Now, coming to the film itself, director-writer Siddharth Anand, writer Shridhar Raghavan, and writer Abbas Tyrewala turned the handful of stones they had left unturned in “War.” All kinds of transport have been used in the film, from bikes to cars to helicopters to trains to planes. It seems that the creators compared the level of activity with the number of second-hand factors they could incorporate in the primary storyline rather than using the actors to do so. Shah Rukh’s face is deep-faked on top of a stunt guy’s face in the train fight sequence. Perhaps, the producers realized that deep-faking two guys would be much too costly, so they decided to leave Salman, sending him only one guy at a time in the sequence, which would allow him to take his time and fight. But again, if we take the whole film for granted, something that Yash Raj Studios did too, we also have to accept this treatment and keep our suspension of disbelief locked in one corner of our brains. After all, age is not kind. Finally, the sense of patriotism that has also been pushed into the remaining spaces in the screenplay appears to be no more than a publicity stunt.
It seems that the first question that came to the minds of the creators was what they could make SRK do in the film and how they could make him look cool doing so, although they didn’t necessarily succeed in the endeavor. Somewhere in Africa, India, UAE, Spain, Russia, and France are among the places that we see in the film. This is the only versatile aspect of the script. Other than this, it is just the bombardment of loud background scores that is forced upon every other scene. Shah Rukh and John have dedicated scores, while Deepika, besides her over-the-top objectification that has been ludicrously and horrendously overshadowed by the protests over the color of one of her outfits (thanks to the so-called religious tolerance of the so-called Hindutva groups in this country), is given a dedicated song. John is a decent villain who has no option but to make do with what he has been provided with. Deepika’s character has got nothing to do and is only put in the plot due to the dance number and Siddharth Anand’s pseudo effort to show strong women, something that he did with equal conviction in 2019’s “War” with Vaani Kapoor. Putting a gun in the hands of a woman doesn’t make her a strong character, makers, grow up. Overall, “Pathaan” thrives on sheer stardom, and the makers misuse it to give us, the audience, a loud action film that we have deliberately decided to overlook the faults of.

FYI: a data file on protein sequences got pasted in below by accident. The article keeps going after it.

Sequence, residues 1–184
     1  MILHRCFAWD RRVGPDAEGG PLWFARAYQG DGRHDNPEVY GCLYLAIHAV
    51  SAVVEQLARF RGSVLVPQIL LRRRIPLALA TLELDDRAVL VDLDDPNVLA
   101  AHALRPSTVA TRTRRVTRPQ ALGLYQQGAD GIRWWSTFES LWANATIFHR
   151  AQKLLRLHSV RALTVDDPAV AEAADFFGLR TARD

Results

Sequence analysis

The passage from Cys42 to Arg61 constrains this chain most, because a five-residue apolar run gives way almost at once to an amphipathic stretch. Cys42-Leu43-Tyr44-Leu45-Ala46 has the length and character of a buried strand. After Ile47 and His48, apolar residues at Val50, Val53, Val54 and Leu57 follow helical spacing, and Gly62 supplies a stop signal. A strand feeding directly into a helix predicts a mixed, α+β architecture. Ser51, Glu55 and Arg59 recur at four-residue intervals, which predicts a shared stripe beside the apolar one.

On a personal note, Colonel Luthra, trying to justify RAW’s unresponsive attitude towards Jim, RAW’s best agent, and his pregnant wife, tells Pathaan that a soldier never surrenders. Jim’s pregnant wife was shot to death in front of his eyes. “Pathaan” tries to reason with Luthra, asking if RAW would have done the same thing had it been a minister and his family in place of Jim. This is a good counter. However, at the end of the film, Pathaan contradicts himself and tells Jim that a soldier never asks what his country can do for him but what he can do for his country. I would like to see how many soldiers are ready to sacrifice the lives of their wives and children for their country. I’m no soldier, but this is a manipulation of nationalism. But then again, considering the present state of this country, manipulation of nationalism doesn’t seem wrong, does it? And if it’s indeed all about sacrifice for one’s country, I’m forced to borrow my words from World War I poet and soldier Wilfred Owen, who asked what’s the use of passing bells to mark the death of soldiers who die like cattle.